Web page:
6. Entity filing is required pursuant to the proposed regs. There is no form yet to make the filing.

Friday, December 16, 2011

IRS Audits of Quiet Filers Have Begun.

I recently attended an ABA conference where multiple representatives from the IRS including, Senior Litigation Counsel Kevin M. Downing, were speakers and they all reiterated that the IRS has a program in place to audit Quiet Filers, who chose not to make a voluntary disclosure but rather chose solely to amend their tax returns to include their previously unreported income from their foreign bank accounts.

Issues that were not answered include:

1.     What FBAR penalty will apply?

o   the civil penalty for willfully failing to file an FBAR, greater of $100,000 or 50 percent of the total balance of the foreign account per violation. See 31 U.S.C. § 5321(a)(5).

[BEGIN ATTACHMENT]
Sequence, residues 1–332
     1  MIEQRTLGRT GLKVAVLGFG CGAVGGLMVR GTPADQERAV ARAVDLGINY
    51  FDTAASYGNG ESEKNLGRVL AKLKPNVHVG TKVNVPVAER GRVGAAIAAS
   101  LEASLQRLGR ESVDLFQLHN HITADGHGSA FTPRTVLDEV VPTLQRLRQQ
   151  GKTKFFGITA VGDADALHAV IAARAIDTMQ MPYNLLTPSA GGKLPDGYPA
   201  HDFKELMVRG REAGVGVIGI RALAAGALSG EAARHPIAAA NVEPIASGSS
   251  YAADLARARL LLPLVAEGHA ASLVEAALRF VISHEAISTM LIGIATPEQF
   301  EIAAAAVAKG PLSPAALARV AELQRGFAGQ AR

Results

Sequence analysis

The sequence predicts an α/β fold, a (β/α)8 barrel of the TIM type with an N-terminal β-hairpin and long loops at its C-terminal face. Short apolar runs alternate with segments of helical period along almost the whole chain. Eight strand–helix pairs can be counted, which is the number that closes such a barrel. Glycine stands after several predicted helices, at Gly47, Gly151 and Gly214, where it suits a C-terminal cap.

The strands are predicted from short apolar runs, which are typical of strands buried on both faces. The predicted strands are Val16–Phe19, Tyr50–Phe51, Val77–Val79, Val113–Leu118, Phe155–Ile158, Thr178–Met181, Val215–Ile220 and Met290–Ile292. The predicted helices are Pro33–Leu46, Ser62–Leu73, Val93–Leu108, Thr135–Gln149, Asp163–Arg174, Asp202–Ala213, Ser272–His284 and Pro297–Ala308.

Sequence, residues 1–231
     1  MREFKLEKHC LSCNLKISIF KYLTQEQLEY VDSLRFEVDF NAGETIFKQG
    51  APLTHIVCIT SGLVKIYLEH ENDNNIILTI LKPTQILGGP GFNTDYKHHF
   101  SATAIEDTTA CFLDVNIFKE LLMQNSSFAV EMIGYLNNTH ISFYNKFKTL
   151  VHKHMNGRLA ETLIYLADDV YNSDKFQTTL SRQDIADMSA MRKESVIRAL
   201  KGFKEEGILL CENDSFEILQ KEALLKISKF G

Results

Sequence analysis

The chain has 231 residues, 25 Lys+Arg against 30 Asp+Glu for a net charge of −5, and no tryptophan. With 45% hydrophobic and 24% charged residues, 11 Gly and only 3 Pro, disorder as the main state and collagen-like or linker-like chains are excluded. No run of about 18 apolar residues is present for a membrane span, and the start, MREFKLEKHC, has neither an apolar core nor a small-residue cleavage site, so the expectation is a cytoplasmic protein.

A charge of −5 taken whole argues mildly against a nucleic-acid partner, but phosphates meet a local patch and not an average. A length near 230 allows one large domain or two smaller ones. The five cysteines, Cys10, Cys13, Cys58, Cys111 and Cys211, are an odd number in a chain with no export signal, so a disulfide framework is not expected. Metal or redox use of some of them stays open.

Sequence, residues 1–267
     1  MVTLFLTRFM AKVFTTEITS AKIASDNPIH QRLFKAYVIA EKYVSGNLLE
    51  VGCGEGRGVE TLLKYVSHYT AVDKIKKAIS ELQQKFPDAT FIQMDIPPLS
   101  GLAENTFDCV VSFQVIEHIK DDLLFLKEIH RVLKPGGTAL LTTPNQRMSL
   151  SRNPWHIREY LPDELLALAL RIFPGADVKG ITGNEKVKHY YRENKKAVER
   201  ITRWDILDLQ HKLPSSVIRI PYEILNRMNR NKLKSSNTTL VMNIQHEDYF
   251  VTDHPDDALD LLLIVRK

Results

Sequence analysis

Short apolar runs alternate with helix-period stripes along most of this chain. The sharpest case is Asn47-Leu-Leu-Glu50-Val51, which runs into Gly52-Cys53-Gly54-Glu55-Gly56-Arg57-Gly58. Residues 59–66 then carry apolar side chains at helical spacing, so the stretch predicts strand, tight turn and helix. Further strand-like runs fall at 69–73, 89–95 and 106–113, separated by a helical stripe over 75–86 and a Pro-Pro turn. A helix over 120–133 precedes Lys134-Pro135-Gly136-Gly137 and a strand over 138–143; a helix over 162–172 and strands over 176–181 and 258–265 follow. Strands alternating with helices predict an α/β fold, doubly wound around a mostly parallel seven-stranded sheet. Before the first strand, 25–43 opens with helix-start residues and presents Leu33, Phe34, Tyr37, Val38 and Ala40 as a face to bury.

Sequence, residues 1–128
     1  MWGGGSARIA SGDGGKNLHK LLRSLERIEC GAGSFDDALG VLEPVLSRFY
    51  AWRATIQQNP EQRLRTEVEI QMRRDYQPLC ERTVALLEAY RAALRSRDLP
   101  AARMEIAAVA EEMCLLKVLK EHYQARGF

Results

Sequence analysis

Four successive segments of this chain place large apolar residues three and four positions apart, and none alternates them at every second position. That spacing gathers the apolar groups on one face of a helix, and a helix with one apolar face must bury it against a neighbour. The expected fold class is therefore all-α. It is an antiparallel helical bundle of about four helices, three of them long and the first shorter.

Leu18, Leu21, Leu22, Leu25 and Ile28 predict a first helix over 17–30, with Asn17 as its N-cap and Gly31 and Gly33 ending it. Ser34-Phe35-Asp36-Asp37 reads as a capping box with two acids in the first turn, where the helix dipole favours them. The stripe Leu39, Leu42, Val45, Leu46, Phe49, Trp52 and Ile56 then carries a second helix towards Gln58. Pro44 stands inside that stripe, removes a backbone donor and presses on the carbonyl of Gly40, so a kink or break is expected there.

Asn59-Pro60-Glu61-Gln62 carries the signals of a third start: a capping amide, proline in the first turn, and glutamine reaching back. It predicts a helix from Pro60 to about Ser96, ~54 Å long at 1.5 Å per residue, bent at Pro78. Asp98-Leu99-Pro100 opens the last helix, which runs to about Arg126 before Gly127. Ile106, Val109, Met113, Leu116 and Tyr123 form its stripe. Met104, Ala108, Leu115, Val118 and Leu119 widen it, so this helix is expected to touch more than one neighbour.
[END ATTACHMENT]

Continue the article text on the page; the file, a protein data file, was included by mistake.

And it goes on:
o   the civil penalty for non-willful violations that the IRS determines were not due to reasonable cause are subject to a $10,000 penalty per violation. See 31 U.S.C. § 5321(a)(5)(B) or

o   the penalty of 25% (or more) of the total balance of the foreign account in conformity with OVCI #2?

2.     How will the IRS collect these FBAR penalties under title 31? (File in FDC to reduce them to an enforceable judgment?)

3.     Is the Quite Filer only subject to a 3 year statute limitations for income tax assessments, where the understatement of income is less and 25% of the taxpayers AGI?

4.     Does the fraud provision stop the Statute of Limitations from running?

We are sure there's are even more issues. Stay tuned as these issues and more get developed, during the various IRS audits of Quiet Filers, which has already begun.

Thursday, December 15, 2011

IRS Releases Guidance on Foreign Financial Asset Reporting

IRS NEWSWIRE WASHINGTON—The Internal Revenue Service in coming days will release a new information reporting form that taxpayers will use starting this coming tax filing season to report specified foreign financial assets for tax year 2011.